Polls have closed in Uzbekistan's parliamentary elections, with officials announcing a turnout of more than 70%.
Karimov dominates Uzbekistan at every level
State TV carried glowing accounts of the day. But the vote has drawn criticism from the Organisation for Security and Co-operation in Europe.
The group - which sent a few observers - expressed concern that no opposition parties were allowed to run.
Many ordinary Uzbeks say they see no difference between the candidates, who all support President Islam Karimov.
Some independents did try to stand, but officials rejected their applications on technical grounds.
Few Uzbeks interviewed in the street could name the parties or distinguish between them, the BBC's Monica Whitlock in Tashkent reports.
However, our correspondent adds, praise has been pouring in too from hundreds of monitors - most of them guests of the Uzbek government or Russian-led observers.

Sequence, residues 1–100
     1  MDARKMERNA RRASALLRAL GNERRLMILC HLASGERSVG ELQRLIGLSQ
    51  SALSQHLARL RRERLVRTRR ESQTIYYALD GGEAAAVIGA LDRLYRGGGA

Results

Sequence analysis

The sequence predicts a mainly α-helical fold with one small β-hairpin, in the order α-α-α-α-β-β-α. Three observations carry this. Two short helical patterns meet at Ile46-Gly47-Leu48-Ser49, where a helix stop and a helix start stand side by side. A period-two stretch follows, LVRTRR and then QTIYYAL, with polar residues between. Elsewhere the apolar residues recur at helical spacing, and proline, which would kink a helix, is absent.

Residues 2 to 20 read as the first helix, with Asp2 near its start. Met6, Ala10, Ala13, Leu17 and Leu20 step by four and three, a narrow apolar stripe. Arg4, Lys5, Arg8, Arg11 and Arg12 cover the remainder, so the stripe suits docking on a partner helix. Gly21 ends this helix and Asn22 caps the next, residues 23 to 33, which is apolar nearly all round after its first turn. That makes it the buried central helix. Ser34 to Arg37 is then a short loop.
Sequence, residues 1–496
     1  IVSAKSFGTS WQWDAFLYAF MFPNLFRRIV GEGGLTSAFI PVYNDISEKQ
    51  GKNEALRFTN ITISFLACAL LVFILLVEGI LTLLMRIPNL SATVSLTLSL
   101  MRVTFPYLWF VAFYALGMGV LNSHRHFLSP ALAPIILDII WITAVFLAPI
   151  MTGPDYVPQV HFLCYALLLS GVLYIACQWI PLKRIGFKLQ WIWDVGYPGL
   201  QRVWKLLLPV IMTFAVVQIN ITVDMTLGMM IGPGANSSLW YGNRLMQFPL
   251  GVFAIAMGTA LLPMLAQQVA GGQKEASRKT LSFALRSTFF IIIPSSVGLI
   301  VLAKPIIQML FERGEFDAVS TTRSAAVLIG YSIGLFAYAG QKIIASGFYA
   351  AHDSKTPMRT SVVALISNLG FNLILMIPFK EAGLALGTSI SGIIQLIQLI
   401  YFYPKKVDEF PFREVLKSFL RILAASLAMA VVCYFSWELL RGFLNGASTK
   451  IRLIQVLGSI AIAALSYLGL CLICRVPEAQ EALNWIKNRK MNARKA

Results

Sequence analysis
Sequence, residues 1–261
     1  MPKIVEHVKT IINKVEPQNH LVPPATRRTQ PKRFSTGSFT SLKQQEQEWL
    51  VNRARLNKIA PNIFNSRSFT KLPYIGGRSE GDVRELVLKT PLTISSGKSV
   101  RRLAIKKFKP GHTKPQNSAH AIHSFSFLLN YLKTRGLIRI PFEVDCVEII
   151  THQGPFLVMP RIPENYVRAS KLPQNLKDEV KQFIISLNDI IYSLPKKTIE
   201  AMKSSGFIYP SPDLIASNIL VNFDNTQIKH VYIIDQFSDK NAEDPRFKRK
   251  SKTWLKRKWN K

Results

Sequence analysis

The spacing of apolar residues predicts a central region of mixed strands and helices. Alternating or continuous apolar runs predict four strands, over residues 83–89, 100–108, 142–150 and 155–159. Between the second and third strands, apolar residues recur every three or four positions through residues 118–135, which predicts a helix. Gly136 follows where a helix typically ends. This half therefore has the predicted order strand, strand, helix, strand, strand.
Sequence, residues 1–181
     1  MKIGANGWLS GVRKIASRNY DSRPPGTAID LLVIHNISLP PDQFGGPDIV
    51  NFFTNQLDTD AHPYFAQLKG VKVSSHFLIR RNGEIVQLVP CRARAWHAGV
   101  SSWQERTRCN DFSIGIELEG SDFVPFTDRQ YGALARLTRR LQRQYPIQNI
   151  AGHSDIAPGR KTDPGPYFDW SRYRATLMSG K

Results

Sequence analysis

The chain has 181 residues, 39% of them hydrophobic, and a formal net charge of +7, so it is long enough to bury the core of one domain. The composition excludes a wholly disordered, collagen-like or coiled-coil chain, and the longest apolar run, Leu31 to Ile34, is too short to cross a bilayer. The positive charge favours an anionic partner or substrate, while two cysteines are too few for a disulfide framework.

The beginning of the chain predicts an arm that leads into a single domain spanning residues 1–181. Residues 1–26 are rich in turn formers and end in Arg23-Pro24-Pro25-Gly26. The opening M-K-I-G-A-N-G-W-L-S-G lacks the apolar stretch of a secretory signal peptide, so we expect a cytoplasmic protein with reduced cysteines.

Russian officials have called the election transparent, democratic and well-organised.
Uzbekistan is a Muslim country and the most populous state in Central Asia.
The government takes a hard line against political freedom because it fears the emergence of any opposition figure, particularly a leader from the Islamic tradition.
This year, suicide bombers have struck twice at official buildings.
The United States embassy and human rights groups estimate that thousands of ordinary Muslims are in jail, accused of plotting against the government.